After 10 Years, Consumer Product Improvement Law is Worth Celebrating

This blog was written by Akhil Reddy, Safe Kids Public Policy summer intern.

It was two days after Mother’s Day when Linda Ginzel dropped off her 16-month-old son, Danny, at the Sweet Tots day care center in Chicago’s Lincoln Park neighborhood. That would be Linda’s last visit to Sweet Tots. That day, the top rails of the Playskool Travel-Lite crib in which Danny was sleeping collapsed onto his neck. Trapped and unable to breath, Danny died.

Before Danny’s tragedy, four other children had died in that exact crib model. Danny’s parents later learned the crib had been recalled five years prior, but neither the child care provider nor Danny’s parents had heard of the defect. To date, at least nineteen children have died in this defective product.

Like many other parents we meet at Safe Kids who have lost a child to a preventable injury, Linda and her husband, Boaz, became passionate advocates for child safety. Linda and Boaz founded Kids in Danger, an advocacy organization focused on improving child product safety. Safe Kids is proud to work with Kids in Danger and other groups, like the Consumer Federation, that have led the charge for essential safety measures.

Linda’s and Boaz’s organization successfully advocated for a law, in Danny’s memory, that requires the manufacturers of children’s products to provide a registration form to consumers, ensuring they’ll be notified of a recall—similar to what is required for car seats.

That’s not all. Danny’s Law was included in much a broader piece of legislation called the Consumer Product Safety Improvement Act (CPSIA). It would improve the recall process, enhance product testing, create mandatory standards for children’s products and increase the powers and responsibilities of the Consumer Product Safety Commission (CPSC). CPSIA celebrates its 10-year anniversary in August 2018. The intent of CPSIA was to strengthen the authority of the CPSC so that children’s products, like the crib in which Danny died, won’t contain hazardous defects, and it has been incredibly successful so far.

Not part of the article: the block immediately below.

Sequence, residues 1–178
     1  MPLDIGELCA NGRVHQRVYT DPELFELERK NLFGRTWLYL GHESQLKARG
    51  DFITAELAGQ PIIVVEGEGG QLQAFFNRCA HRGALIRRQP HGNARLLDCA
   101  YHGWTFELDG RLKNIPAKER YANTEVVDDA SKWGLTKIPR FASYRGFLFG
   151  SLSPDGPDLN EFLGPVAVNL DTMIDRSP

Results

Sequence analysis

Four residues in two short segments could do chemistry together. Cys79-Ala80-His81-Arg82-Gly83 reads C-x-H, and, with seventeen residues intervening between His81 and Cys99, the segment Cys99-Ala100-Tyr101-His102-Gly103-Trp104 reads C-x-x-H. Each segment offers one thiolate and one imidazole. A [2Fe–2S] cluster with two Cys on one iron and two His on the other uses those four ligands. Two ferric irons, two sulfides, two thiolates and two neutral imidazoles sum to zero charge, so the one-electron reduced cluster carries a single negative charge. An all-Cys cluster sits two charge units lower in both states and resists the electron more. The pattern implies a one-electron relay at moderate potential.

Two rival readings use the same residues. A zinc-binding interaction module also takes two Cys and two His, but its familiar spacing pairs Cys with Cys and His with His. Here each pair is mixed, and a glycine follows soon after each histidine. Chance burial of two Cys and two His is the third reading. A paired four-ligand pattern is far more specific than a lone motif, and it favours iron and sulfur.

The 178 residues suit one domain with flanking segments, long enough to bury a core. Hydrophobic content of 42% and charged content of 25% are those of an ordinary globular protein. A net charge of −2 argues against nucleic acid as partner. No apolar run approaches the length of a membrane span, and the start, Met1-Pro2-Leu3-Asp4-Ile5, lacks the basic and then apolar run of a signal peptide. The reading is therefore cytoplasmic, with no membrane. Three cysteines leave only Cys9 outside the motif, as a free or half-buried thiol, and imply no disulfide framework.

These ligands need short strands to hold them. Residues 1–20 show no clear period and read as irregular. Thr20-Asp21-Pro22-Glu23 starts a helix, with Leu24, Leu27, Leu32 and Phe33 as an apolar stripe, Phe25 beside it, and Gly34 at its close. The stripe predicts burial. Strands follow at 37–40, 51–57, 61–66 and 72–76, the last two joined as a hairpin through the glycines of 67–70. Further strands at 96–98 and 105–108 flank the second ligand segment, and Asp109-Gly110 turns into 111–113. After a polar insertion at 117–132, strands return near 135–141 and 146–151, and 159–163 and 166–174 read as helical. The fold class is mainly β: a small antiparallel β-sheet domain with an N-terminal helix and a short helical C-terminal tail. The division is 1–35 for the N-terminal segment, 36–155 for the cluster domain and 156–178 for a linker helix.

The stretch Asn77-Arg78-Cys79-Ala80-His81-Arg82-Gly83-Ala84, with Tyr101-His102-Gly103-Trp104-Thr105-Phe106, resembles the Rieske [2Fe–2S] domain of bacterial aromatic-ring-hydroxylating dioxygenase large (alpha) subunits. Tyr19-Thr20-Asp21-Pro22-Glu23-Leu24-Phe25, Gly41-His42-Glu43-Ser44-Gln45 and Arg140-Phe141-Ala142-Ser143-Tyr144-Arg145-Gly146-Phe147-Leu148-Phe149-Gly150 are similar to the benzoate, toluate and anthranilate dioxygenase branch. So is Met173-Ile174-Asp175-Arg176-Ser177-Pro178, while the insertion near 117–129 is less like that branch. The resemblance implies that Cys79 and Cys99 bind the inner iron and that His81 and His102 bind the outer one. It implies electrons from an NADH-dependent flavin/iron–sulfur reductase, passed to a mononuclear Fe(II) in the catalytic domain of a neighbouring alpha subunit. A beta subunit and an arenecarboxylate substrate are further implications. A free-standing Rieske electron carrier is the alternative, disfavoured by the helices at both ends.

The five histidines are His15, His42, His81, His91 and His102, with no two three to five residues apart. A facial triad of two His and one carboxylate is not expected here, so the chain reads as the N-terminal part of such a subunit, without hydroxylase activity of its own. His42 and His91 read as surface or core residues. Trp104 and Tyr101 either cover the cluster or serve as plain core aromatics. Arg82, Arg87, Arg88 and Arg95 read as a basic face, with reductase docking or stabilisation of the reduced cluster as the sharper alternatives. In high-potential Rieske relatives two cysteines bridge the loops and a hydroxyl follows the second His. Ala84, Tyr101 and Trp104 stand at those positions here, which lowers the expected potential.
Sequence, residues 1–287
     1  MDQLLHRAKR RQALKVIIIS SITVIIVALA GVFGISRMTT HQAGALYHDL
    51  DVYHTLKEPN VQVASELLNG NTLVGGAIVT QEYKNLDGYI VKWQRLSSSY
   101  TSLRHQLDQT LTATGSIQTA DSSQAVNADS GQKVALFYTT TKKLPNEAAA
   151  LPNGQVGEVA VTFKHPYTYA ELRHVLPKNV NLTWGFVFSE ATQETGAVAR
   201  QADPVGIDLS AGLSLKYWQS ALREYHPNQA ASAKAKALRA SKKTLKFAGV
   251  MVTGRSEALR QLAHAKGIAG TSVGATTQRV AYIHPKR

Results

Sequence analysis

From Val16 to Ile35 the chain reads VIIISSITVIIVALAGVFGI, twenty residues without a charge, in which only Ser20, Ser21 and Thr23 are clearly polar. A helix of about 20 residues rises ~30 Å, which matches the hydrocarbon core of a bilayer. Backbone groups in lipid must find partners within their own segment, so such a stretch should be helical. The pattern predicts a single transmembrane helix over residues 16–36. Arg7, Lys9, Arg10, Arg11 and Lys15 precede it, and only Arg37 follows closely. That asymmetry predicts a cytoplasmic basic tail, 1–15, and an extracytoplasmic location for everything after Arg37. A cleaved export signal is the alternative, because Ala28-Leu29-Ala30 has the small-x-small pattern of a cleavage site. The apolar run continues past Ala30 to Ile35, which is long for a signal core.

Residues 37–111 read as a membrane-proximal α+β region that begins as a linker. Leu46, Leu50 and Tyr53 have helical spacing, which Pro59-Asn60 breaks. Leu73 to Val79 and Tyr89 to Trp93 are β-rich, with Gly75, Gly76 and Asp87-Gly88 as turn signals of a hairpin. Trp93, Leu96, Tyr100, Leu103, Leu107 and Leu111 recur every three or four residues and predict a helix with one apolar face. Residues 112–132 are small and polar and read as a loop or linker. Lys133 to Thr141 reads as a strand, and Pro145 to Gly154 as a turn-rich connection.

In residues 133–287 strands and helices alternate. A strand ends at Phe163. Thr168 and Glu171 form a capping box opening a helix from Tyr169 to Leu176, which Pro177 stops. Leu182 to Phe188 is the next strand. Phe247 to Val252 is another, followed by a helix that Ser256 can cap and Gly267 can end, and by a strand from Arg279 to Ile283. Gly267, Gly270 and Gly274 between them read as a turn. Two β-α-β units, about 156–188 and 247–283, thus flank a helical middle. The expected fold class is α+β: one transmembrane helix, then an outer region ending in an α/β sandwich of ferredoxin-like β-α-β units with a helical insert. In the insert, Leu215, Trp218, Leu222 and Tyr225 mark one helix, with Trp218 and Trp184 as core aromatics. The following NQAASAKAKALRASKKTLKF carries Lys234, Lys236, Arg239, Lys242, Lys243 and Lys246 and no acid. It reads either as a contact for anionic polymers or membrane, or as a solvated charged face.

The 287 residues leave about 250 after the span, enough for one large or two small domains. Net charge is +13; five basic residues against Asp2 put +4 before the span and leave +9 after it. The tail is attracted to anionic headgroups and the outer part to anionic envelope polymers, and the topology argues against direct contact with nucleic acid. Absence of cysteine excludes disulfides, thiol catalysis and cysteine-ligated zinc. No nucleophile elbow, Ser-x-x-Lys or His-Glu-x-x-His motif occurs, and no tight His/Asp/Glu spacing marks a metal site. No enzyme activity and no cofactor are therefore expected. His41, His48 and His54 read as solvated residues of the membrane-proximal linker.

Because of CPSIA, toys and children’s products must be tested by a CPSC-accredited third-party laboratory for safety flaws against mandatory federal standards developed by the CPSC. The law also created a consumer product incident database and gave the agency the teeth to sanction bad actors, like manufacturers who delay action on products they know to be defective. Companies determined by the CPSC to have violated product safety laws now must face increased civil penalties.

Together, we are celebrating the 10-year anniversary of the passage of CPSIA, as well as the work of other consumer safety organizations and advocates like Linda and Boaz. Our kids are better protected because the products in their environment, everything from their toys to their cribs, are safer.

After 10 years, CPSIA, you’re looking pretty good.

Give us your views on improving the child consumer product safety system on the 1 question survey on Twitter.

 

 


Akhil Reddy, a public policy intern at Safe Kids, is a rising junior majoring in Bioinformatics at the University of Pittsburgh. He grew up in Houston, Texas.